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FRI0547 Predictive Factors of TMJ Involvement in 230 Consecutive JIA Patients Regularly Screened from 2000 to 2014 in A Single Pediatric Rheumatology Centre
  1. M. Gattinara1,
  2. E. Del Giudice2,
  3. S. Lodi-Rizzini1,
  4. I. Pontikaki1,
  5. M. Romano1,
  6. P.L. Meroni3,
  7. V. Gerloni1
  1. 1Division of Pediatric Rheumatology, Istituto Ortopedico G.Pini, Milano
  2. 2Depatment of Pediatrics, Sapienza University, Rome
  3. 3Division of Rheumatology, Istituto Ortopedico G.Pini, Milano, Italy


Background Juvenile Idiopathic Arthritis (JIA) has been shown to involve frequently the temporo-mandibular joint (TMJ). An important prognostic aspect is to diagnose and treat it promptly.

Objectives To evaluate in a consecutive JIA patients (pts) cohort, regularly screened from year 2000 to 2014, the predictive factors of the TMJ involvement.

Methods 230 consecutive pts (152 females, 78 males) affected by JIA according to ILAR classification, 164 oligoarthritis, 4 polyarthritis rheumatoid factor (RF) +, 34 polyarthritis RF-, 22 systemic onset JIA (soJIA), 4 enthesitis-related arthritis (ERA) HLA B27+, and 2 psoriatic arthritis were included in a retrospective evaluation. Mean disease onset age was 6.5 yrs (range 1-16), mean disease duration 12.7 yrs (range 0.2-46.2).

We analyzed the correlation between TMJ involvement with the following items: ILAR categories, age at onset, gender, pattern of articular involvement (large joints, small ones, hips, cervical spine).

Results 88/230 patients (38.3%), 36.8% of females and 41% of males showed a clinical TMJ involvement. Mean age at onset (or diagnosis) of TMJ involvement was 8.3 yrs. 62/88 pts (70.5%) had a bilateral clinical signs of condylar alteration.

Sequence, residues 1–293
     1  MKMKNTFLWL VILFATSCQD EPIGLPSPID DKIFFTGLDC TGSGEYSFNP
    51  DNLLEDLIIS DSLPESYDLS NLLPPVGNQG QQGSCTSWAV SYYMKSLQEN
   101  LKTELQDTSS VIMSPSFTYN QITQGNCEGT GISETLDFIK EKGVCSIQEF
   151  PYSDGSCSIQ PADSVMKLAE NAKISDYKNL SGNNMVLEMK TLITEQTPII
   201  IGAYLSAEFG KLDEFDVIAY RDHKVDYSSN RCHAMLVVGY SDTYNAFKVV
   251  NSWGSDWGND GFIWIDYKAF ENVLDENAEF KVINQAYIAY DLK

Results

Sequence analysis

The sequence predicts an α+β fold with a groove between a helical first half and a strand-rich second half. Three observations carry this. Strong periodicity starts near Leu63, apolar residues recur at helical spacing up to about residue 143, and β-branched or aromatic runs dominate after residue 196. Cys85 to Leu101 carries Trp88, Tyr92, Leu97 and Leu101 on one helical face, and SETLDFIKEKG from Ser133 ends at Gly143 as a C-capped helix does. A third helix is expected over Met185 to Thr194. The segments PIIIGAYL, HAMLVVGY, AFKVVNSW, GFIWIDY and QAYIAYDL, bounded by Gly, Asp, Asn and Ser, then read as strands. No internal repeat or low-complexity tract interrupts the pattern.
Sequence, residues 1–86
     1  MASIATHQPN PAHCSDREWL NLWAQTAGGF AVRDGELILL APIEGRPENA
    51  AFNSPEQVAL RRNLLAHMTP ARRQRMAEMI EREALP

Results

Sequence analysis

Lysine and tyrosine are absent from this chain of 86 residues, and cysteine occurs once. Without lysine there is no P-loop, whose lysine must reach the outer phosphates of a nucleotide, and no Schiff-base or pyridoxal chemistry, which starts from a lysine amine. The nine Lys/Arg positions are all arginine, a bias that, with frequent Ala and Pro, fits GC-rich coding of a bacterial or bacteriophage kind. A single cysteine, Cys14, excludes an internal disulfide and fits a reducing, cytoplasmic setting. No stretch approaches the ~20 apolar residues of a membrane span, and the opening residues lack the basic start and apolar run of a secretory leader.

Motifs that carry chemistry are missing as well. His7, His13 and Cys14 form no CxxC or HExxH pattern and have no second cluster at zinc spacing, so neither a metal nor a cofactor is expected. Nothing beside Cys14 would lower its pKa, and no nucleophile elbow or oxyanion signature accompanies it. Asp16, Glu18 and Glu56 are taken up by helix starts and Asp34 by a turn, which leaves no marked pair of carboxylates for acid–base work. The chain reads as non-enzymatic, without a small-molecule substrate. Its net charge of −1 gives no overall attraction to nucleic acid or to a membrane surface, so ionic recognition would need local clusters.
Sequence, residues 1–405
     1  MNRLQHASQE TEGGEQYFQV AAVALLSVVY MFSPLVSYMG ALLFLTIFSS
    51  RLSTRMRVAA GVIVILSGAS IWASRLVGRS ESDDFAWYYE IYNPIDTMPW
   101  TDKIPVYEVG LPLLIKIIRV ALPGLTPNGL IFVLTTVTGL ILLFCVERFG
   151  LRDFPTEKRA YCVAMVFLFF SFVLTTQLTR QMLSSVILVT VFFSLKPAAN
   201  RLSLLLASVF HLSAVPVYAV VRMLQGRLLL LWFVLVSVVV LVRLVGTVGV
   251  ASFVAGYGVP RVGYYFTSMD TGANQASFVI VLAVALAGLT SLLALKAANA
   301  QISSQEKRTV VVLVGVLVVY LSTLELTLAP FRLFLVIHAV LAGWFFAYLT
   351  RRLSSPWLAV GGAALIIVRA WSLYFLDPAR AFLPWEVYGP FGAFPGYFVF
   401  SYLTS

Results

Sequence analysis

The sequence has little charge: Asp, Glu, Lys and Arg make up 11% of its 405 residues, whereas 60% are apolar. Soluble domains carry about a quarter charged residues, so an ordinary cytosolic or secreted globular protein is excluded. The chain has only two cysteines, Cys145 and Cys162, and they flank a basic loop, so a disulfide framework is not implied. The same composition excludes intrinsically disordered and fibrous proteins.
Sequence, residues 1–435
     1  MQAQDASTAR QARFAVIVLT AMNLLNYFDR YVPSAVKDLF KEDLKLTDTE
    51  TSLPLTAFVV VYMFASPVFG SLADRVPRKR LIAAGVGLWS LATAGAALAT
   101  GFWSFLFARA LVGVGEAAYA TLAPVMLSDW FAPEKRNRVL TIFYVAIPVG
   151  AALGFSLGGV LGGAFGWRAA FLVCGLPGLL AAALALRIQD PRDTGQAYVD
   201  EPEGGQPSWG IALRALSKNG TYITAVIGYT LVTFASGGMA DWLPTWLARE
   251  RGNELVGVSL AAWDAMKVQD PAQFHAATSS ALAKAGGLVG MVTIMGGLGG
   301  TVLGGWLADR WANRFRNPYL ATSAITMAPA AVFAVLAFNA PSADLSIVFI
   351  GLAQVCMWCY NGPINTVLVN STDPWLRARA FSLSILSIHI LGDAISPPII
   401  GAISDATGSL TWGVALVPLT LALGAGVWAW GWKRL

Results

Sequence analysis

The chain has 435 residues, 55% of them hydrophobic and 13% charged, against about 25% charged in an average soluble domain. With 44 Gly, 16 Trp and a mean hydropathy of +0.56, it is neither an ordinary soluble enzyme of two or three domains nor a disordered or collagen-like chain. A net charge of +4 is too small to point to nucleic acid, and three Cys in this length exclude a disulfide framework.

The involvement of TMJ was observed in 38.3% of the whole population (54.5% of oligoarthritis, 27.3% polyarthritis RF negative, 2.3% polyarthritis RF positive, 9.1% soJIA, 4.5% ERA and 2.3% juvenile psoriatic arthritis)

3 cases (2 females and 1 male) presented with an involvement of TMJ at the diagnosis of JIA.

The rate of TMJ involvement was higher in the pts with an early onset of the disease (52.3% in the 0-6 yrs group, vs 36.4% in 7-12 yrs group and 11.3% in 13-16 yrs group).

In 56/88 pts (63.3%) TMJ disease was associated with an involvement of large joints, in 4/88 (4.54%) with small joints, in 24/88 (27.7%) with hips and in 18/88 (20.45%) with cervical spine.

Conclusions An early onset of JIA, the oligoarticular ILAR category and a pattern of large joints involvement seem correlated with a higher rate of TMJ disease. Predictive factors of TMJ involvement should be confirmed in a larger JIA population and may be useful for clinicians to adopt appropriate prevention strategies of TMJ disease.

Disclosure of Interest None declared

DOI 10.1136/annrheumdis-2014-eular.5816

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